Value Perspective Quarterly Letter – 3Q 2017
There is a curious alley near the Schroders’ Value Team’s City of London office called Prudent Passage. It is a narrow passage between two side streets, and is very easy to miss.
The irony of course – given that Prudent Passage is found in one of the world’s great financial centres – is that within the markets, evidence of prudence is very hard to find.
The world is, seemingly, in a bull market in everything.
Just take a few headlines from this week alone: US stocks, already at all-time highs, have hit their sixth consecutive closing high, which is the first time that has happened for 20 years.
In debt markets, Ireland has issued a bond with a negative yield, which means the country is effectively being paid to borrow €4 billion over five years.
Be it stocks, bonds, property, or cryptocurrencies, prices continue to rise.
Fuelling the boom is ever cheaper debt and a general ability to access money more easily. Elsewhere, data shows that both companies and households are increasing leverage.
Benjamin Graham, the father of value investing, said the secret of a sound investment is a “margin of safety”.
What he meant by this was the price paid for an asset should allow for a range of unexpected adverse outcomes. Because many things can go wrong at once, it is prudent to be cautious.
The actions of many market participants today tell us that many are becoming increasingly incautious.
Focus on the only thing that matters
While it is the nominal index level that makes headlines, it is far less important than valuation. The cyclically adjusted 10-year price-earnings ratio (CAPE) in the US currently stands at 30x. Its long-term average (the data goes back to 1881) is 17x.
This indicates that today investors are willing to pay an unusually high price for a stream of profits.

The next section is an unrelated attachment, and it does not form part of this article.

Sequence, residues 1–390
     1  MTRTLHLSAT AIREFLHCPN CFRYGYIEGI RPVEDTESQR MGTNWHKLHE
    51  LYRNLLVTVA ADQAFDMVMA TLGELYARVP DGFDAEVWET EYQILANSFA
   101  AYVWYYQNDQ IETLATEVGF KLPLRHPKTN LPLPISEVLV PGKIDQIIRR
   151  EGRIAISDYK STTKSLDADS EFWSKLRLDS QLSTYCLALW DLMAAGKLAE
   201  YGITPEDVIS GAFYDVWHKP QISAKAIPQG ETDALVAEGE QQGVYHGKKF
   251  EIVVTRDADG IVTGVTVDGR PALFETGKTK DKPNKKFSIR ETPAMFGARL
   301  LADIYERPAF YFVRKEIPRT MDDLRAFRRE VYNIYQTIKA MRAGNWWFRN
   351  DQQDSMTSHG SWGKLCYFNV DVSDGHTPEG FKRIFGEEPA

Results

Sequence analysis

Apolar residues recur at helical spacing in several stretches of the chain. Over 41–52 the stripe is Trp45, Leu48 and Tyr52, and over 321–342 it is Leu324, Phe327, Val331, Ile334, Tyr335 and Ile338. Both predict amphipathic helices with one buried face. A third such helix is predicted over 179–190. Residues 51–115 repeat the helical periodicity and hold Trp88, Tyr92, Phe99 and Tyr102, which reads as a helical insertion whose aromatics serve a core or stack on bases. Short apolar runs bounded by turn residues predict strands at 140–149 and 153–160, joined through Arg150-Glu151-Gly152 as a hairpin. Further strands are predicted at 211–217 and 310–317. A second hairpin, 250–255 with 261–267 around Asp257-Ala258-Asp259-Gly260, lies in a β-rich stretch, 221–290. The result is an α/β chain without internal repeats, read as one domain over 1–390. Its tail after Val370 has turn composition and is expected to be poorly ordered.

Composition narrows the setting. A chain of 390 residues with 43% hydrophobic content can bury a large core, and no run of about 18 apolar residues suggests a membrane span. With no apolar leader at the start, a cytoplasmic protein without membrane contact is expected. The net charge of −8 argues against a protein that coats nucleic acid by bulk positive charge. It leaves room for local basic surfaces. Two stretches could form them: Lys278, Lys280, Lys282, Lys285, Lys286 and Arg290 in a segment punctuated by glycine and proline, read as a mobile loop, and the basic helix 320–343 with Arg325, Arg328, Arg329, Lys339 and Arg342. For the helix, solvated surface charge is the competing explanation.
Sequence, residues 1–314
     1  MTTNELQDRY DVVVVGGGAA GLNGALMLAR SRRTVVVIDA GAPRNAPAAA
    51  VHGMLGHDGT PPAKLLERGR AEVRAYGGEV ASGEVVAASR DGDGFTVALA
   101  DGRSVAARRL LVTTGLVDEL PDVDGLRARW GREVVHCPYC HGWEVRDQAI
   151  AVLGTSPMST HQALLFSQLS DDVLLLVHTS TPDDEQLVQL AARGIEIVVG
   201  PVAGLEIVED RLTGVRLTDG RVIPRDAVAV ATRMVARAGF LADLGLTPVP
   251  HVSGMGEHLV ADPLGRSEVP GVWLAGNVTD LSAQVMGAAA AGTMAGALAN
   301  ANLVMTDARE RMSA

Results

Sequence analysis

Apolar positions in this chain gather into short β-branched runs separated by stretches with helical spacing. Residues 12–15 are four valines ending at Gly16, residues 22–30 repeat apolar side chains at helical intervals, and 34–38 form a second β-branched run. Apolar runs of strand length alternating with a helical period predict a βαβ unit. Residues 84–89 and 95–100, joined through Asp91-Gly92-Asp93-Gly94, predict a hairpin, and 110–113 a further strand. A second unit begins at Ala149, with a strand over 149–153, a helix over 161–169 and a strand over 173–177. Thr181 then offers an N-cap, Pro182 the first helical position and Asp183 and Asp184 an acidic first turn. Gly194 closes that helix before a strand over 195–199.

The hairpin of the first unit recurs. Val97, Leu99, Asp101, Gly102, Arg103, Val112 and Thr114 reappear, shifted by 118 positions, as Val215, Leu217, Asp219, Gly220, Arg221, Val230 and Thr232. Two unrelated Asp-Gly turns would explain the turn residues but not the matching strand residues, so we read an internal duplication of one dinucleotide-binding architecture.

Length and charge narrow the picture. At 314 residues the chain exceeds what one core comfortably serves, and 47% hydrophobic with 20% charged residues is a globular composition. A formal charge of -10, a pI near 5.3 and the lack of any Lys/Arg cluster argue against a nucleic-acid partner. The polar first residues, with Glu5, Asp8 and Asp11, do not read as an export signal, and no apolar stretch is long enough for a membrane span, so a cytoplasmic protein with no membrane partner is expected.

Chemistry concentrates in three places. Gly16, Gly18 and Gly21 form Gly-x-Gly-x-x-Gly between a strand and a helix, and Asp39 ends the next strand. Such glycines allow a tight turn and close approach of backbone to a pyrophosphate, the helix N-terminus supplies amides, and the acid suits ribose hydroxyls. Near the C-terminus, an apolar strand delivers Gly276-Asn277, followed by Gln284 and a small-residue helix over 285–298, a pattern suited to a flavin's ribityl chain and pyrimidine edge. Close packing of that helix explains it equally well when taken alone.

For context, the US market CAPE has only reached its current highs twice before; during the dotcom bubble (when it reached an all-time high of 44x) and in the build-up to the Great Crash of 1929 (when it peaked at 32x).
How do those that ignore the past justify paying high prices today?
“This time it’s different”. These are the four most dangerous words in finance, which may be a cliché, but they are used to justify paying up for expensive stocks today.
To value the future earnings that you can expect from owning shares in a business, you must discount them using an interest rate. Today, ‘this time it's different’ echoes around the belief that real interest rates are expected to be lower for longer.
That, as theory suggests, makes a future earnings stream more desirable and justifies higher prices for financial assets. This is how, in a low interest world, higher CAPE numbers are justified.
However, paying higher prices causes those buying them to take on increasing risk, whether they recognise it or not.
A high CAPE doesn’t necessarily mean stocks are due a fall
CAPE is a mean-reverting phenomenon.
From today’s elevated headline figure some infer that mean reversion implies an imminent correction to asset prices. While this is a possibility, historically a significant amount of the CAPE's mean reversion is realised by earnings catching up with stock prices, rather than the other way around.
With global profit margins nudging all-time highs, we may question the likelihood of this, but irrespective, we can say with confidence that with valuations higher than average, returns are likely to be lower than the long-term average over meaningful time periods.